How Charlotte County cold case detectives find justice for families
When a murder case goes cold, the victim’s loved ones are left in limbo. Sharon McPhillips knows this pain all too well. Her fight for justice seemed never-ending for many years. That is, until the trio of detectives that make up the Charlotte County Cold Case Unit took on her daughter’s cold case.
“I believed in them from the beginning,” McPhillips said. “It was just a feeling I had — and I wanted so bad for them to come in and solve this. ”
McPhillip’s daughter, Tara Sidarovich, was murdered in 2001 at her Punta Gorda home by two handymen. It took 16 years to bring her daughter’s killers to justice. “You just don’t ever give up,” said McPhillips, who now lives in Pennsylvania. “You gotta find the strength.”
McPhillips told WINK News, the cold case detectives helped her to keep going and keep hope alive. Detective Mike Gandy, who heads the Charlotte County Cold Case Unit, works alongside detectives Kurt Mehl and Mike Vogel. The trio has more than a century of investigative experience between them, coming out of retirement nearly a decade ago to form the dedicated unit focusing squarely on cold cases.
“We owe the dead the truth,” Vogel said.
To find it, detectives often refer to cold cases as puzzles.
“You’re missing the pieces and somebody finally gives you some of the pieces, but not all of them, and then they say, ‘Okay you can solve this, but you got to put it together in the dark,’” Gandy said. “Time is what we devote to these cases and that’s how they get solved – having the amount of time needed to work on them and we’re given that.”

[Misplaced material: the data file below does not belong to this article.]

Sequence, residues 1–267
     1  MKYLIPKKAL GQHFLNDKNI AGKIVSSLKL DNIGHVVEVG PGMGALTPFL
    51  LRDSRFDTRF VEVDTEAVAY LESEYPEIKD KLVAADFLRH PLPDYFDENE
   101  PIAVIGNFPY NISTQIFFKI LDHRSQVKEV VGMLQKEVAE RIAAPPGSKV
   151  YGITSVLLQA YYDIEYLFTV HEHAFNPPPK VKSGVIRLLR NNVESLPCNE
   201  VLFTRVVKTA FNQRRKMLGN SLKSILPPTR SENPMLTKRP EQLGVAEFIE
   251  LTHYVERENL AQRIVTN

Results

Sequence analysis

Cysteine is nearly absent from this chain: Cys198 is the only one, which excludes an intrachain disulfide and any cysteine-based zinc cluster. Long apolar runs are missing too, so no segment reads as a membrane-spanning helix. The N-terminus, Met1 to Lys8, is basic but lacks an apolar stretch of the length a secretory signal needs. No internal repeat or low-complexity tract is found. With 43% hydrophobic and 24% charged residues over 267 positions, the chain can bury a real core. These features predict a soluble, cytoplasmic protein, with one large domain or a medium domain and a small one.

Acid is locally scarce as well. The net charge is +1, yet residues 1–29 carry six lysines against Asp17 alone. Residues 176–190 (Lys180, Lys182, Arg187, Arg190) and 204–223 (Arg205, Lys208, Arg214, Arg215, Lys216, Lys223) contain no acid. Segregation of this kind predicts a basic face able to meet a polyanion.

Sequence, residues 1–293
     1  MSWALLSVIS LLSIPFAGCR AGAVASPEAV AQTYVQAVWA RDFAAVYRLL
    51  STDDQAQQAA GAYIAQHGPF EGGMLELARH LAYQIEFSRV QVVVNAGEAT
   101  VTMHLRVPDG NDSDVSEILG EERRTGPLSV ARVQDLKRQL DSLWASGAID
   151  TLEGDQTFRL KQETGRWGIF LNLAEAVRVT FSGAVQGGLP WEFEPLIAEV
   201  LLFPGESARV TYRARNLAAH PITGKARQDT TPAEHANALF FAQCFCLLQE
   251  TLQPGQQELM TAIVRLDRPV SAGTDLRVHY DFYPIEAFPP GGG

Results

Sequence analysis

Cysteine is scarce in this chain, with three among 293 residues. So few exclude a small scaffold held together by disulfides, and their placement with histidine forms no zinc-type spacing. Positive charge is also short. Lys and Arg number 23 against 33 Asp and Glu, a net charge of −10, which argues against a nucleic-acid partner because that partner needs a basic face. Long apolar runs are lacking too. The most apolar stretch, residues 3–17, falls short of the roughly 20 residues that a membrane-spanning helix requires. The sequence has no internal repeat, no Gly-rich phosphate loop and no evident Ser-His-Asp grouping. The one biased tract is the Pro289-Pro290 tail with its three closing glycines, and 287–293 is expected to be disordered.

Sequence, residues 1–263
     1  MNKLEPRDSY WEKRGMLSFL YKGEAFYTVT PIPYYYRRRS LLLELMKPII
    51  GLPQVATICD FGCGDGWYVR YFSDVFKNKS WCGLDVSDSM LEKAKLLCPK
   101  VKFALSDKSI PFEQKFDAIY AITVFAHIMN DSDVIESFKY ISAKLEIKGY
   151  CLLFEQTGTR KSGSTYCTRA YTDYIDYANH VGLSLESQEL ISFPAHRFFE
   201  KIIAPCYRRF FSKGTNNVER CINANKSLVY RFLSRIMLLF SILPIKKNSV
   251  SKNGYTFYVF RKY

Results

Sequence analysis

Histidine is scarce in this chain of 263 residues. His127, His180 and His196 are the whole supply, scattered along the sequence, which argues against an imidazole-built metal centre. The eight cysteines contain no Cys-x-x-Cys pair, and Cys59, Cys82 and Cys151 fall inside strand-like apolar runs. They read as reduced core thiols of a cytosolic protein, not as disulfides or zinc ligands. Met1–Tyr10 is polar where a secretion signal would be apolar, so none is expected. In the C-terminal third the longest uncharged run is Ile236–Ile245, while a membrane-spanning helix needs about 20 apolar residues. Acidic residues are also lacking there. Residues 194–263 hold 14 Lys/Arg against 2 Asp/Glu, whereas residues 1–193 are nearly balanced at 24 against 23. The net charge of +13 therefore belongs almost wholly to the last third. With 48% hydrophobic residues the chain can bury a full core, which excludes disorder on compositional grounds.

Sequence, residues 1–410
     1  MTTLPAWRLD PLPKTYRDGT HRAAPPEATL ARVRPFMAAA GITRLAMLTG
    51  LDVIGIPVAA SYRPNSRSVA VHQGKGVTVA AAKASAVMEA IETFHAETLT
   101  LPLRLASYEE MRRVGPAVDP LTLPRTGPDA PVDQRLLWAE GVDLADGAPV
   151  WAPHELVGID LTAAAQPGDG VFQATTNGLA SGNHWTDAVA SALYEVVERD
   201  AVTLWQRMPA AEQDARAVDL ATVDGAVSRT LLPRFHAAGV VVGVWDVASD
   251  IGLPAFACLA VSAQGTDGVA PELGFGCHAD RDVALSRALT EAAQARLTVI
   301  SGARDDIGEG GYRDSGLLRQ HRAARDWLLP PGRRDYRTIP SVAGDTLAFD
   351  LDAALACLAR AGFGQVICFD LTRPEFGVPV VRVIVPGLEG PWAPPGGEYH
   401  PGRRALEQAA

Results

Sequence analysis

In the past three years, they have solved three cases. These are the 1999 murder of Pilar Rodriguez, 3 years old; the 2001 murder of Victoria Arena, 32 years old; and the 2001 murder of Tara Sidarovich, 19 years old. The detectives took on the Sidarovich case in 2010, which was their first investigation as a unit.
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“He said they were going to treat this like is if it was their daughter, and like, it would end on their watch,” McPhillips said. “And they did it. They did it.”
“It makes it personal,” Detective Mehl said. “You want to make it right and you want to fix it.”
The team worked the Sidarovich case for over six years, among other cold cases. The team’s personal connection with Sidarovich’s mother evolved into a deep trust.
“I speak to her even today and it’s been two years since the last trial,” Mehl said.
“They’ll still give me the strength if I need it,” McPhillips said. “If it weren’t for those three detectives, Tara wouldn’t have justice. They fought so hard with dedication, compassion, professionalism, kindness.”
Today, McPhillips tries to focus only on the good memories of her daughter’s life, not on her death.
“Now we can heal and think of all the good times that we had,” McPhillips said. “She brought us such joy.”